When you look at the books by nonfiction writer Scott Huler, you wonder if this guy ever focuses for more than a second. Topics in the Huler oeuvre, so far:
When you look at the books by nonfiction writer Scott Huler, you wonder if this guy ever focuses for more than a second.
Topics in the Huler oeuvre, so far: Cleveland Browns fans; NASCAR; the Beaufort wind-measurement scale; the legendary route of Odysseus; and, most recently, city infrastructure. You might have read his work in The New York Times or The Washington Post, or heard it on NPR. In his spare time, Huler hikes. He hiked 450 miles of the Appalachian Trail — and wrote about it.
Try to mark Huler with a rubber stamp, and it’ll bounce right off. Then he’ll ask why you have that big rubber stamp in your hand and start taking notes. Huler’s writing topics grow out of personal curiosity. And that continuous desire to learn led to his position as the 2011 Piedmont Laureate, a program created by local arts councils to promote awareness and appreciation of literary arts in the Piedmont.
“Scott looks at what I might call mundane parts of our existence and makes them fascinating,” says Eleanor Oakley, president and CEO of the United Arts Council of Raleigh and Wake County. “I think he’s very curious about his surroundings and the world he lives in, and that manifests itself in a fascinating array of writing.”
Huler, 52, was born in Cleveland, Ohio, and graduated from Washington University in St. Louis, Missouri. He moved to Raleigh in 1992 to work as a feature writer for The News & Observer. He left the newspaper in 1997 to write books and left Raleigh in 1999 to follow his future wife, novelist June Spence. Both returned in 2003 after Huler finished a journalism fellowship in Ann Arbor, Michigan.
“It’s one thing to move to North Carolina, but once you leave and move back to North Carolina, that says something about yourself,” Huler says. “I wanted to be here.”
No Southern pillar is safe from the Huler wit. Take the legendary Southern propensity for storytelling. “Everyone says, ‘Oh, we Southerners love our stories,’ like it’s some Southern thing,” Huler says. “Well, I grew up in Cleveland, Ohio, and my grandfather came over from Poland, and he would tell stories about that all the time. Why is storytelling so much identified with the South?”
Huler’s newest book, On the Grid: A Plot of Land, an Average Neighborhood, and the Systems That Make our World Work, started with questions that arose in his mind during a drought in Raleigh, where he lives. Those questions led Huler to explore water pipes, garbage collection, and the other fraying petticoats that hold up the fancy dress of civilization.
Bland Simpson came to know Huler when Spence taught creative writing at the University of North Carolina at Chapel Hill. Simpson, professor of English and creative writing at UNC, asked Huler to teach a class on creative nonfiction in 2007. He knew Huler would be great in the teaching aspect of the Piedmont Laureate position and wrote a recommendation.
“He’s like the early gang of new journalists, like Tom Wolfe and John McPhee.” Simpson says. “Some nonfiction writers stay more in one territory, and I’m probably one of those. Scott is very much in the great American, top-notch, nonfiction-writing cadre.”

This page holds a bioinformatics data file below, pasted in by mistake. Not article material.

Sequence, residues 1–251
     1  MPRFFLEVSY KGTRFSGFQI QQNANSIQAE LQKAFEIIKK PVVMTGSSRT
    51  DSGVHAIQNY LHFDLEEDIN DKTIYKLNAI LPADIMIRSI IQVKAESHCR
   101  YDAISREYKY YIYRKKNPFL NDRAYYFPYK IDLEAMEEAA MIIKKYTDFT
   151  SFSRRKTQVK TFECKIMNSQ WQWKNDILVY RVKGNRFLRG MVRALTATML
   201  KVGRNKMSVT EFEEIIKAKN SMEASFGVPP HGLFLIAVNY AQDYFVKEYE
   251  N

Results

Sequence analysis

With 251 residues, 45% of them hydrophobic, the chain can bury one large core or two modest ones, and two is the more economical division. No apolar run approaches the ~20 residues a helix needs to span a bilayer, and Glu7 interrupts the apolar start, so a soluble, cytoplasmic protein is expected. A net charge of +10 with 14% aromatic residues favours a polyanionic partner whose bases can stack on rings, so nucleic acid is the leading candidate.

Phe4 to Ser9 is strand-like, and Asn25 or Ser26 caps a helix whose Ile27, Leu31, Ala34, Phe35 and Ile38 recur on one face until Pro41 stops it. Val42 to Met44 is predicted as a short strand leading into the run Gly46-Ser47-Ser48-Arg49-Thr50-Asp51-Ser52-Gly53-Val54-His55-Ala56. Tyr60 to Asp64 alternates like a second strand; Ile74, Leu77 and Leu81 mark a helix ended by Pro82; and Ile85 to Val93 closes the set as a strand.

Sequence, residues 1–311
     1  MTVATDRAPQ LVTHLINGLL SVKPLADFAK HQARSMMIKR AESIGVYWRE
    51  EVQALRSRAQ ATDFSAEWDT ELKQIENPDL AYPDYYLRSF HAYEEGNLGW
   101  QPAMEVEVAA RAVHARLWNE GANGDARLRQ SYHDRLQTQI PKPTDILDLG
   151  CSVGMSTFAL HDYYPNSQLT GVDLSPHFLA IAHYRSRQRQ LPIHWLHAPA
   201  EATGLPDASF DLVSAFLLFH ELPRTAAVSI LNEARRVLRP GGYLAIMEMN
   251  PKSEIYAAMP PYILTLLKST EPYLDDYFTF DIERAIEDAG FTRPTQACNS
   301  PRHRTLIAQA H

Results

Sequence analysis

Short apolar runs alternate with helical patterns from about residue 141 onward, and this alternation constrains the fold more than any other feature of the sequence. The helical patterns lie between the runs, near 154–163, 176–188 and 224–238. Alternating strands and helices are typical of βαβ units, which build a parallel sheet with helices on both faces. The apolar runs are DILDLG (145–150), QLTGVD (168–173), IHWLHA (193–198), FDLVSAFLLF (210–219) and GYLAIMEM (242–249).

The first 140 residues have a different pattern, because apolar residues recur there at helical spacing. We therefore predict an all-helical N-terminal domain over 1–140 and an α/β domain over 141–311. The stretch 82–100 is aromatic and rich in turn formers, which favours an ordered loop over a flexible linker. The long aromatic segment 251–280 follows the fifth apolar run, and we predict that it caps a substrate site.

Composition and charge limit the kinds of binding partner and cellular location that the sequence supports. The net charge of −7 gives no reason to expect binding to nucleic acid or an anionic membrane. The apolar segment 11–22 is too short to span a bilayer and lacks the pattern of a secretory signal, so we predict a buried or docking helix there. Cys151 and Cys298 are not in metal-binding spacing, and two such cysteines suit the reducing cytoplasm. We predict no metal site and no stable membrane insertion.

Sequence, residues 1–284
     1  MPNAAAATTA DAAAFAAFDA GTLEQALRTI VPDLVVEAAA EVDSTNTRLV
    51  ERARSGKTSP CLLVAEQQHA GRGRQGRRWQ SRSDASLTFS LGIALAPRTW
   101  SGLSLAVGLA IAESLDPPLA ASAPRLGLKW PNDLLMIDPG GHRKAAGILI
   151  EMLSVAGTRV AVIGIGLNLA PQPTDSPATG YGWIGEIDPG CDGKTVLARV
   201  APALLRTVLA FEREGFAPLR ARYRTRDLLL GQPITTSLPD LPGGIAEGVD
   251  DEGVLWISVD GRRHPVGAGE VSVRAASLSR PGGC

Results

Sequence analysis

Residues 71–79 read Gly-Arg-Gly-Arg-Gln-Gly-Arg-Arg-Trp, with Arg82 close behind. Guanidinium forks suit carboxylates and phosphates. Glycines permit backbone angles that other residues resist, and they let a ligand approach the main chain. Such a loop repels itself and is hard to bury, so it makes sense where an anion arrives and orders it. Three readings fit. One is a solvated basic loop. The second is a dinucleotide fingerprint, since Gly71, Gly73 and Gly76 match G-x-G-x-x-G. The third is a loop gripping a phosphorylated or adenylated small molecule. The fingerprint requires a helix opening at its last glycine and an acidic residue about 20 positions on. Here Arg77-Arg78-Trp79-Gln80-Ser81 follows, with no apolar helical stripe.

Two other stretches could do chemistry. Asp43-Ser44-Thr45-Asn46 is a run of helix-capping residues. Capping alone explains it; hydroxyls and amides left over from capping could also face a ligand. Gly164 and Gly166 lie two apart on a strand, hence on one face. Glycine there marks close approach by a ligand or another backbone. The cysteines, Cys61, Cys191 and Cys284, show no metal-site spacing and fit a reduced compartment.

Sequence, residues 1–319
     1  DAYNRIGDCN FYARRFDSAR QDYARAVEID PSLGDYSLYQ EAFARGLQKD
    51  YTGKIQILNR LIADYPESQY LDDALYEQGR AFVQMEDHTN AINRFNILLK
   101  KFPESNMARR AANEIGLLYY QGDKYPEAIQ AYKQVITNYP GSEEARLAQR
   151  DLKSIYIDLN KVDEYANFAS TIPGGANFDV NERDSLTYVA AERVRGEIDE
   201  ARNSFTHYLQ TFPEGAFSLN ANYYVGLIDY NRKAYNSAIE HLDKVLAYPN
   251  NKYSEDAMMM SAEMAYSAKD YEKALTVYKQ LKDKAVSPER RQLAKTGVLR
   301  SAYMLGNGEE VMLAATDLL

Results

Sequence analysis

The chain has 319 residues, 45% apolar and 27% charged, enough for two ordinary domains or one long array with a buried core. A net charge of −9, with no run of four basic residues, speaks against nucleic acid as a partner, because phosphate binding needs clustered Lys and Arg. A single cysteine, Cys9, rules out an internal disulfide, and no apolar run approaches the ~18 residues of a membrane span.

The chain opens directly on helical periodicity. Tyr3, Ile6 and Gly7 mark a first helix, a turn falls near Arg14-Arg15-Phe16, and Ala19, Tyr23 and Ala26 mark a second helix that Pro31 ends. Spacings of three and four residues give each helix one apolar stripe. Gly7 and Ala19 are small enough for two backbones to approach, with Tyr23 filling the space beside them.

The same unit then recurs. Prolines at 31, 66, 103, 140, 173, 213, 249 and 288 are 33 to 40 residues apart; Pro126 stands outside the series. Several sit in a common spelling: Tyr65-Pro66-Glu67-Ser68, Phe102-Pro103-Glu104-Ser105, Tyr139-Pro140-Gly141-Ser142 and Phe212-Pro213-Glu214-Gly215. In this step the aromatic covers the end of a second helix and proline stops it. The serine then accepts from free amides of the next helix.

One day several years ago, Simpson asked Huler about his toddler son. Toddlers exhaust parents. But there’s the average exhausted, then there’s the Scott Huler version. “He said, ‘It’s like a whole day is a baseball game, and June and I, when we get to about 9 o’clock, we look at the score, and it’s Louis 39, and Scott and June 4. We’ve exhausted our first-string, and we don’t have any more fresh players, but Louis still has his starting lineup out there, and we know there’s no way we can pull this one out,’ ” Simpson says.
Huler believes that his greatest accomplishment will be if his sons, now 6½ and 3, become as curious about life as he is. And the same goes for his goals as Piedmont Laureate.
“People are so passive about their information habits,” Huler says. “They should be much more active. Ask questions. Look around you. Think, ‘Wow, that’s interesting. I want to know more about that.’ ”
As a writer, Scott Huler believes his most important job is getting people to ask questions. Words on the Move, Huler’s project to raise awareness and appreciation for writers and the act of writing in the Triangle, spreads his constant curiosity to the community via the public bus system. In Raleigh and Chapel Hill, placards on the inside of buses grab riders’ attention with a simple, “Hey,” followed by a list of rapid-fire questions that are sure to make anyone’s commute a little more thought-provoking.
Where did this bus start? • Where does it go? • How long does it take? • How many stops does it make? • What would it cost you if you drove?
What are you reading? • When was the last time you read a book for pleasure? • Do you read more online or offline? • Who gets paid if you buy a book for an e-reader? How? • If a bookstore sells more coffee than books, should it change its name?
— Compiled by Lauren Howell
Debbie Moose is a freelance writer in Raleigh and the author of four cookbooks. Her work has appeared in a number of publications, and she has a blog at debbiemoose.com.